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Lookup NU author(s): Professor David RoseORCiD
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The consumption and production of pornography is problematic within contemporary culture and, since there exists no apparent, intuitive consensus, the issue may reveal much of what is wrong or outdated about modern moral thinking and indicate a way to revise our moral framework to discuss such problems rationally. The monograph concentrates on two principal objectives. First, and most substantively, pornography itself is an ethical issue which still requires appropriate discussion because it is politically subject to sanction and morally subject to disapproval. After initially working on the definition of the word and ascertaining what sorts of phenomena belong to the set of pornographic objects, the political and moral arguments against the production, exchange and consumption of pornography from several viewpoints: liberalism, toleration, harm, exploitation, feminism and equality. The book proposes that pornography may have a positive moral value. The conditional nature of that sentence, though, is very important as most contemporary examples of the genre do not exhibit this moral value, but such empirical contingencies lead many thinkers to assume that there is a necessary relationship between pornography and moral wrongness, whether it be in instances of harm, objectification or the reproduction of institutional inequality. The argument will demonstrate that pornography, like other aesthetic objects, has a determinant role to play in the individual’s self-understanding of her or his sexual being. Pornography as a representation of sexual mores and practices can be didactic like the other arts and also can be a form of emancipation when the distinction between objectification and alienation is made manifest. Appropriate pornography can liberate human beings from immediate desires; allow agents to rationalise the sexual libido; demonstrate how to reconcile agents’ natural egoism with the roles required of sexual behaviour; and, most importantly, allow agents to articulate particular preferences in a socially coherent manner. Of course, such a defence of pornography rests on a distinction between progressive and regressive forms of the discourse and one of the objectives of the argument is to demonstrate what a progressive pornography would actually be. Second, the subsidiary aim of the proposed research is to demonstrate that Hegelian social ethics is a viable alternative to the dominance of utilitarian and Kantian thinking on issues of interest to contemporary moral, political and legal debates. The moral problem of pornography is used to show that a sea change is required in our moral thinking to move away from a moral sphere insulated from social and political concerns. Hegelian social ethics engages with the substantial norms and values implicit to a society and discovered through hermeneutic interpretation of one’s cultural fabric (the realm of “right”). It is an ethical method that attempts to rationalize these values and norms with respect to two standards: one, coherence with the central axiomatic values of that culture (for example, liberty and equality); and, two, whether or not these central values and their concomitant institutions and policies (for example, capitalism) actually promote autonomous self-determination or inhibit it. The radical conclusion of the work will suggest that pornography is an aesthetic production and, like other aesthetic productions, constitutive of an agent’s self-understanding and a rational element of full social existence. It will argue that there can, and normatively should, exist progressive pornographic objects and that such objects, like works of art, are valuable to culture because they promote autonomous self-determination for a specific culture. The original contribution of the research will therefore be twofold: one, it will show the relevance and efficacy to rational discourse of Hegelian social ethics; and, two, it will offer an original contribution to the politics and ethics of pornography.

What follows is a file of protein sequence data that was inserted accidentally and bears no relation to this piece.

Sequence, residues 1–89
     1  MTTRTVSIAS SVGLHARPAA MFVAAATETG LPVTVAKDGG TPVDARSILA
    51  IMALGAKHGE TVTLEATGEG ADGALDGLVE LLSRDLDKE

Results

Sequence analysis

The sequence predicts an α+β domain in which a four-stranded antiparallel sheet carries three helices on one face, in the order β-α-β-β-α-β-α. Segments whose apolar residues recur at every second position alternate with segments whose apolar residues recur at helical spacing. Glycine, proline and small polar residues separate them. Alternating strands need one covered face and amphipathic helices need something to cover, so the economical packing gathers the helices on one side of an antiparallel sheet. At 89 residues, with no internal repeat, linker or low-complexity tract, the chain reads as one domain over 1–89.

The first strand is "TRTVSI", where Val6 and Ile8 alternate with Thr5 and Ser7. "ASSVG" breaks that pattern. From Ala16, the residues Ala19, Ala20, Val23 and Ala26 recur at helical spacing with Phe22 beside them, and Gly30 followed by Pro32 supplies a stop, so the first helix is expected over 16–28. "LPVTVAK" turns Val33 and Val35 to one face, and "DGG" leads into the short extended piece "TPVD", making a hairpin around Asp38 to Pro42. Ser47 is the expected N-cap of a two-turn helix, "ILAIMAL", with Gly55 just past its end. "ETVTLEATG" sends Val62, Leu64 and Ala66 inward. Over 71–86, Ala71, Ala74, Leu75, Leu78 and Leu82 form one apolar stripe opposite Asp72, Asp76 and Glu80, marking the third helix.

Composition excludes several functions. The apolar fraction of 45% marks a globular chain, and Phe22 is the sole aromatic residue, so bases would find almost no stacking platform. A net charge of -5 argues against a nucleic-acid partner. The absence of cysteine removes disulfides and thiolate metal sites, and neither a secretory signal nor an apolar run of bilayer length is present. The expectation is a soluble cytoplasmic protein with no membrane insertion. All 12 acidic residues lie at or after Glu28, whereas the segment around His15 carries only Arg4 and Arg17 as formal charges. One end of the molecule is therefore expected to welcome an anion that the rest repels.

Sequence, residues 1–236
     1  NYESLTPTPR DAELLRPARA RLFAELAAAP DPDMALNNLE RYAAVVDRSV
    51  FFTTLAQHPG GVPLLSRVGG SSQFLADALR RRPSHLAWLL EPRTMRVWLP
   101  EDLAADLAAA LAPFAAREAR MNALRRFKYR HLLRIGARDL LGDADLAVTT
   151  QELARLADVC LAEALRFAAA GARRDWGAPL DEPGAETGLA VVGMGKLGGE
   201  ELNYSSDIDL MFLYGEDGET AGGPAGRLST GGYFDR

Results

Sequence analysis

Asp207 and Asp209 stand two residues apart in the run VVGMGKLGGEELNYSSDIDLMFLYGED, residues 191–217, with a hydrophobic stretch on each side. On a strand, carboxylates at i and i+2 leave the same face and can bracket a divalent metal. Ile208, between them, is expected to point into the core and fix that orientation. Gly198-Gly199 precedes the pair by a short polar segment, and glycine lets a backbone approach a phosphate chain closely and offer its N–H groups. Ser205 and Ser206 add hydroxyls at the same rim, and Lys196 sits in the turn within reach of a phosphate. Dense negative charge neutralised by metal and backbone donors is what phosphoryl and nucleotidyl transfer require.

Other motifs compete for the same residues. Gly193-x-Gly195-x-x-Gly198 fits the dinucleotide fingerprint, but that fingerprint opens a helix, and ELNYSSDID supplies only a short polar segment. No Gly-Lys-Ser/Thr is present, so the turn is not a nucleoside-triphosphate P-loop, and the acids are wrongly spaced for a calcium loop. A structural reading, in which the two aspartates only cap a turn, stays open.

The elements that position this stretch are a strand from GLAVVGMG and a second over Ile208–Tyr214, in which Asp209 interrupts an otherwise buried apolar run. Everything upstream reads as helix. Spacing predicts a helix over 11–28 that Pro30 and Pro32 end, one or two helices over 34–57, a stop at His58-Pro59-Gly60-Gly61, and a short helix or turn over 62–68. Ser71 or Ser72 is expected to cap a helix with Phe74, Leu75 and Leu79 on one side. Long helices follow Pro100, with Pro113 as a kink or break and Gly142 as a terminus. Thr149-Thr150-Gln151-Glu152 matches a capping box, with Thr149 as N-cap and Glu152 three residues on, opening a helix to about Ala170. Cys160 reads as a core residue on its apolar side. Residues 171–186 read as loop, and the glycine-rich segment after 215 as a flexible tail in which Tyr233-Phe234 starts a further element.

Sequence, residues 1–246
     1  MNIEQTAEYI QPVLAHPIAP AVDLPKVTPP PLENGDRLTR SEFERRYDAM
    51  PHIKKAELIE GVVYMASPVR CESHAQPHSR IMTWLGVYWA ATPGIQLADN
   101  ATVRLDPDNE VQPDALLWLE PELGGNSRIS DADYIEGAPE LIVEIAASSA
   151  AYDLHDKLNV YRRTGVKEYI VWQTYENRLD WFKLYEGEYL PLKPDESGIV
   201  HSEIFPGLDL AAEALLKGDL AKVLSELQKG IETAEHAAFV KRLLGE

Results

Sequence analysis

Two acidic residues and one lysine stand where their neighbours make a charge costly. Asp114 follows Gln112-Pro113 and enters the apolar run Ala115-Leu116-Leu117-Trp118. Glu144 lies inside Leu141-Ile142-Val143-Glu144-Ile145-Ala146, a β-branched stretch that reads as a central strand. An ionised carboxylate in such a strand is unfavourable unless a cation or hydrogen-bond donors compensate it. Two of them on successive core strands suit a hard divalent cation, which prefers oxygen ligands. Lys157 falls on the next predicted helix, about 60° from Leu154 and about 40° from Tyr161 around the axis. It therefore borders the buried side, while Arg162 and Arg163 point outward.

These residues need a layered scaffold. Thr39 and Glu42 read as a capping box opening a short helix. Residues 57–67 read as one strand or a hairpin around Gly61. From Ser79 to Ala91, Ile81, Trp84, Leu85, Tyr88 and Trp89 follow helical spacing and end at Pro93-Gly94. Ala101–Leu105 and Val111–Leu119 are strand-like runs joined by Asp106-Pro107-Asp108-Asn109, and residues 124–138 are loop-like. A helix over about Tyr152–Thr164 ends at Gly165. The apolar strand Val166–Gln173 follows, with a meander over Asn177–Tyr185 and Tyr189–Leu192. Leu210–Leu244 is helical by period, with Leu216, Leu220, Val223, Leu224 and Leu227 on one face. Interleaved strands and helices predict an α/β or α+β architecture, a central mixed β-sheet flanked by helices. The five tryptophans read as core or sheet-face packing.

Author(s): Rose DE
Publication type: Authored Book
Publication status: Published
Number of Pages: 260
Publisher: Palgrave MacMillian
Place Published: London
Library holdings: Search Newcastle University Library for this item